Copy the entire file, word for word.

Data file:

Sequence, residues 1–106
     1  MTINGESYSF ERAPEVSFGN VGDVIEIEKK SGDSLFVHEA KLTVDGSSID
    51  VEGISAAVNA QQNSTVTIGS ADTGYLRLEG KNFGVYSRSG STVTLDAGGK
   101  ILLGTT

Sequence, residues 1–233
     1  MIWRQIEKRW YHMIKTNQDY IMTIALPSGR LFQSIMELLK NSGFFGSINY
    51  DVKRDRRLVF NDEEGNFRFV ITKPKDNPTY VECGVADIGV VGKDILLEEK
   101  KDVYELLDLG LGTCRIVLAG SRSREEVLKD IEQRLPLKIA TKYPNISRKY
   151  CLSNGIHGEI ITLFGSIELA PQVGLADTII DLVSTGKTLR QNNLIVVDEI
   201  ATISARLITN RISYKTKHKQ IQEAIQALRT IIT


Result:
Sequence, residues 1–106
     1  MTINGESYSF ERAPEVSFGN VGDVIEIEKK SGDSLFVHEA KLTVDGSSID
    51  VEGISAAVNA QQNSTVTIGS ADTGYLRLEG KNFGVYSRSG STVTLDAGGK
   101  ILLGTT

Sequence, residues 1–233
     1  MIWRQIEKRW YHMIKTNQDY IMTIALPSGR LFQSIMELLK NSGFFGSINY
    51  DVKRDRRLVF NDEEGNFRFV ITKPKDNPTY VECGVADIGV VGKDILLEEK
   101  KDVYELLDLG LGTCRIVLAG SRSREEVLKD IEQRLPLKIA TKYPNISRKY
   151  CLSNGIHGEI ITLFGSIELA PQVGLADTII DLVSTGKTLR QNNLIVVDEI
   201  ATISARLITN RISYKTKHKQ IQEAIQALRT IIT